Lady Georgina Upperton was the victim in Let Her Eat Cake (Case #10 of Mysteries of the Past).


Georgina was a countess of her family, and a part of Concordian nobility. She had blue eyes and black hair. At the time of her death, she sported red lipstick and donned a yellow dress with a fur scarf, a white and yellow pearl necklace, a pair of green earrings and a large hat decorated with a white ribbon.

Murder details

Georgina was found at the picnic lawn of Prospect Gardens with greenish skin and blood coming from her mouth. According to Dick, her cause of death was poisoning by cyanide, ingested with something she ate. He also managed to find traces of tuber melanosporum in her hair, which was also known as the black truffle. Though he was not sure why there were traces of truffles in her hair, this meant Georgina's killer ate truffles.

Relationship with suspects

Georgina was an attendant at Mr Alastor's fourth party at Lady Highmore's Prospect Gardens. At the party, she encountered her old flame, author Ernest Swanswaddle. She also butted heads with party planner Elisa Melody as she mocked Elisa's party etiquette. Elsewhere, she encountered Lord Samuel Waldorf-Ridgewood, who stole her pocket mirror and observed her at the party to establish her psychological profile.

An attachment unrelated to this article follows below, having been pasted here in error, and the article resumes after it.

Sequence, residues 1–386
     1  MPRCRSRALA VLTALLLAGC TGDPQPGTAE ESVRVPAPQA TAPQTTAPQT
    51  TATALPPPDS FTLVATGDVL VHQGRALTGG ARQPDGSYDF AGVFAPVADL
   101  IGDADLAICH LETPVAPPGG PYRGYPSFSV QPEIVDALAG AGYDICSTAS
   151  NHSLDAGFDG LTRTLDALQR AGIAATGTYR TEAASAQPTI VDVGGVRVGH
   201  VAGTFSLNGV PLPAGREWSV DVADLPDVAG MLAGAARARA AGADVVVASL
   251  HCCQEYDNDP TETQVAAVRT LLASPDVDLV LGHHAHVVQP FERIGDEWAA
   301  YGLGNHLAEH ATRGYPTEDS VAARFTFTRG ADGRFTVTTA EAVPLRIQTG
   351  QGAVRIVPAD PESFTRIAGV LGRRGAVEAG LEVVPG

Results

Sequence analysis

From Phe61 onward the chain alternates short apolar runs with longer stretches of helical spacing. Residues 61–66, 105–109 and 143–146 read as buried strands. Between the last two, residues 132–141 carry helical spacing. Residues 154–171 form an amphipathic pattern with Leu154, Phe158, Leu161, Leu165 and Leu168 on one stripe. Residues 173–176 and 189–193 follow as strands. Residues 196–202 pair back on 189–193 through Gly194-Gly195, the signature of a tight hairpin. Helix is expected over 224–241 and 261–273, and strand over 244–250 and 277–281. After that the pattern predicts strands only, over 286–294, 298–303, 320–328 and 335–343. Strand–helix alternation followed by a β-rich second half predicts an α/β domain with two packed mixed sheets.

Prior to the party, Georgina wrote to the Concordian Gazette to express her disapproval of the upcoming World Exhibition. This prompted Mayor Cornelius Castletown, an advocate for the event, to attempt to appease her as her status and connections proved to be a threat to his ambitions.

Killer and motives

The killer turned out to be Ernest.

When he confessed to the murder, Ernest said that despite their brief romantic summer twenty years prior, Georgina turned him down and told him to come back when he was a prince. When Ernest became rich and famous due to his poetry, he approached her once again. She only laughed and implied he was not a proper suitor, claiming that she would rather kiss a frog. Seeking revenge, Ernest stole the cyanide crystals prescribed to Lady Highmore and poisoned a frog-shaped cake (symbolizing how she claimed she would rather kiss a frog than Ernest) she would later eat. In court, Judge Takakura sentenced him to 15 years in prison.

Case appearances



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